4th September, 2012
Caution is the first word to come to mind when considering the perfect or perfection in the Bible. Caution, because a ‘death to self’ and we are ‘going on unto perfection’ message, a message I heard numerous times in my early Christian days, is easily tainted by Pharisaical pride. This is a little ironic, a little crazy, when you reflect on what the New Testament says on this but...it happens.
A pressing on with God message can be underwritten with a look at us, look at what we are doing and look at how we are living (communal farms, businesses and so on) subtext. We are frontrunners in a new look 21st century Christian community and God is doing a perfecting work in our midst because we are willing to die to self to become part of God’s community. And then comes all the human stuff with pride at the head.
10/10?: Lloyd Harkness says the Bible teaches that Christians are ever working toward perfection in which we will be "made perfect in one". PICTURE: © Brian Jackson/istockphoto.com
"As a child watches and learns from his father so too is the follower of Jesus to reflect their heavenly Father’s character. Jesus is exhorting people to watch and learn, watch and learn and then watch and learn."
As I said, this is a little crazy when the Bible says keep your eyes on Jesus the perfector of your faith. Surprisingly, there is no encouragement to thump your chest because ‘your’ brand of Christians is more Christian than other Christians.
Perfect conjures up the perfect wave or the perfect score or the perfect day or the perfect answer.
The word is used in a variety of situations and we use it mostly in the sense of something that cannot be improved on.
(As a surfer I am still picturing the perfect wave, what it looks and feels like, and saying to myself, 'Yeah, it does not get better than that'. This could be a good starting point for thinking about the use of perfect as it does not necessarily mean error free.)
If it is perfect it is as good as it gets, however, there is a little more to the words used for perfect in the Bible than this.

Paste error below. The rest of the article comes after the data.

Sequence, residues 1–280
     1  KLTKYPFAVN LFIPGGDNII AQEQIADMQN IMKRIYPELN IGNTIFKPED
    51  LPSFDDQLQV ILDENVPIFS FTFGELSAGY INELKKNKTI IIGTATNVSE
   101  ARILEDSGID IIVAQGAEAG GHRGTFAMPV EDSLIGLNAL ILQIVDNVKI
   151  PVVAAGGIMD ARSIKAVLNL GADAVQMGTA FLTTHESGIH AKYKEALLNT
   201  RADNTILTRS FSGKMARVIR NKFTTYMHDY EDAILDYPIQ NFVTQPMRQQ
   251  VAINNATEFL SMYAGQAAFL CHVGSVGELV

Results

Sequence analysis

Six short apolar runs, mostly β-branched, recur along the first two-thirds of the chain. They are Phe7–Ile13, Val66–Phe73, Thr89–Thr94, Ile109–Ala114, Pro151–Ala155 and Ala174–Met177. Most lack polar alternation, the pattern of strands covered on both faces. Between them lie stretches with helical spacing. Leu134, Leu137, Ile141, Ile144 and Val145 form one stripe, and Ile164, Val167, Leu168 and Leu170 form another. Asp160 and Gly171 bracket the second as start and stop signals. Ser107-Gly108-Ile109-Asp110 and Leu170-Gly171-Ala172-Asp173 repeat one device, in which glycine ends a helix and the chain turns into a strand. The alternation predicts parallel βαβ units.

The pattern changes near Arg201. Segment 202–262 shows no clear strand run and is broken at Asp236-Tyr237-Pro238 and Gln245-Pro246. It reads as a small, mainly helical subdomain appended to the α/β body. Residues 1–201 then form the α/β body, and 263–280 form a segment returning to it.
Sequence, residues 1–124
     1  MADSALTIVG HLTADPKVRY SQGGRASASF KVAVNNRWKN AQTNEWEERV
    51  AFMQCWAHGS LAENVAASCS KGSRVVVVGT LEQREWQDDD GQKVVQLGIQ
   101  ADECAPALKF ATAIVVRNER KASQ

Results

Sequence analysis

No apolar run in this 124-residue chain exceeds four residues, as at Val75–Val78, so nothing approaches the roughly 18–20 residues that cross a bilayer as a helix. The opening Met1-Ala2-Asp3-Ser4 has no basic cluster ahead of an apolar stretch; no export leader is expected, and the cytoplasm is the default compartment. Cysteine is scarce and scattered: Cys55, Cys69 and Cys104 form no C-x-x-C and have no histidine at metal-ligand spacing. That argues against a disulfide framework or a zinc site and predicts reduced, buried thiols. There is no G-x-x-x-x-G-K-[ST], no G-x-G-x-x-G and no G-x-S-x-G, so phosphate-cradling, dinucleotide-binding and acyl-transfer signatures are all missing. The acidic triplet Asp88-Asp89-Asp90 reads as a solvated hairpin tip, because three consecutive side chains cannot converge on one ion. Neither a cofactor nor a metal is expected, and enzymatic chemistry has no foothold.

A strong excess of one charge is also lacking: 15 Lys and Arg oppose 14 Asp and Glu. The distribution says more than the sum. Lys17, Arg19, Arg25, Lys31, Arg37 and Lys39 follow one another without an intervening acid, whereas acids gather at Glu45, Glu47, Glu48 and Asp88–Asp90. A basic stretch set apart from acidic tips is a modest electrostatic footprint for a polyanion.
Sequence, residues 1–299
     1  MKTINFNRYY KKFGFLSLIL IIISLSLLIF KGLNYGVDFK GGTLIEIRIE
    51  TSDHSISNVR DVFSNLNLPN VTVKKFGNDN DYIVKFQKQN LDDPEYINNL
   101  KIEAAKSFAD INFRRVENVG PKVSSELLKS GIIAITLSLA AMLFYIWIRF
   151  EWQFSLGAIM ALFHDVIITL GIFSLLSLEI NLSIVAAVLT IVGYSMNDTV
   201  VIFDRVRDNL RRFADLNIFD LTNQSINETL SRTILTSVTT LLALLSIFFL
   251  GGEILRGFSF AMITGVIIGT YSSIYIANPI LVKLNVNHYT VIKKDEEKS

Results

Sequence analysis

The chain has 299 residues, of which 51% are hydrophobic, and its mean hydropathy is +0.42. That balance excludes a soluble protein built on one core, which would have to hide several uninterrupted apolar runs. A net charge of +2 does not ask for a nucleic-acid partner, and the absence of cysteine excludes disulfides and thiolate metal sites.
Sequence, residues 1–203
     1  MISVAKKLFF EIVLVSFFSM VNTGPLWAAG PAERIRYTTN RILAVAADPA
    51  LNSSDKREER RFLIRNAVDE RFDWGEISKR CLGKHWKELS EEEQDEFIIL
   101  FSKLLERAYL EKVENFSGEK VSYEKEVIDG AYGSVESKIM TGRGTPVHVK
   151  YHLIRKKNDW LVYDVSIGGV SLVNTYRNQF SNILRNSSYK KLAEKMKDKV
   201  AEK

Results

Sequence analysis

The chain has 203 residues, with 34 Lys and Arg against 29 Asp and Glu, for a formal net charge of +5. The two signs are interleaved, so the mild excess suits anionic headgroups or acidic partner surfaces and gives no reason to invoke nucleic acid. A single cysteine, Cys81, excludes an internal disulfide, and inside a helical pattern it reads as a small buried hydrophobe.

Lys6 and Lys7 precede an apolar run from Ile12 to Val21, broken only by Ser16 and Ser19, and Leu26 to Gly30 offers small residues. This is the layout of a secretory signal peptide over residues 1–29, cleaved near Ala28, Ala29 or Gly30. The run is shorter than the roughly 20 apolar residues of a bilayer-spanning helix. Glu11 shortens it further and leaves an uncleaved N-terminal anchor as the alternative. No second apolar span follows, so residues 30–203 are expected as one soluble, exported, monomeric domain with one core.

(Before continuing please note the King James translation uses perfect more frequently than other renderings into English and there are some seven Greek words translated as perfect in different translations. Obviously not all will have the same nuance and I have not differentiated between them in this Word piece.)
Jesus stated in the Sermon on the Mount that His followers are to be as God is, to love as God loves. The King James translation is: "Be ye, therefore, perfect even as your Father which is in heaven is perfect", whereas The Message says:" You’re kingdom subjects. Now live like it...Live generously and graciously toward others, the way God lives toward you".
The latter example captures better, for a modern reader, the idea God is your Father and He is the one to pattern your behaviour on. As a child watches and learns from his father so too is the follower of Jesus to reflect their heavenly Father’s character. Jesus is exhorting people to watch and learn, watch and learn and then watch and learn.
There is a process of maturing in God, of growing wiser, of being more at one with Him.
King James’ translation can be narrowly read that you have got to be perfect because that is who God is. If you arrive at that point the temptation is to establish a set of rules and laws to show how perfect we are. Why, we might even start tithing mint and other herbs just to show how we have got the tithing principle down pat.
Any error free idea of perfection being acquired by Jesus’ disciples, in interpreting this statement, is not just daunting but unattainable in the current age of God’s salvation work.
Jesus voiced a similar idea in His Sermon on the Plain where He tells the short parable on what happens when the blind lead the blind. The point of the parable is that the follower is not above his master but is to become as ‘perfect’ as him. This occurs because the follower is trained and equipped and is then given the opportunities in life to apply his learning. Jesus’ followers are ‘becoming’ like Him but the moment we say I have become like or as Jesus, then you are tripping yourself up - and others.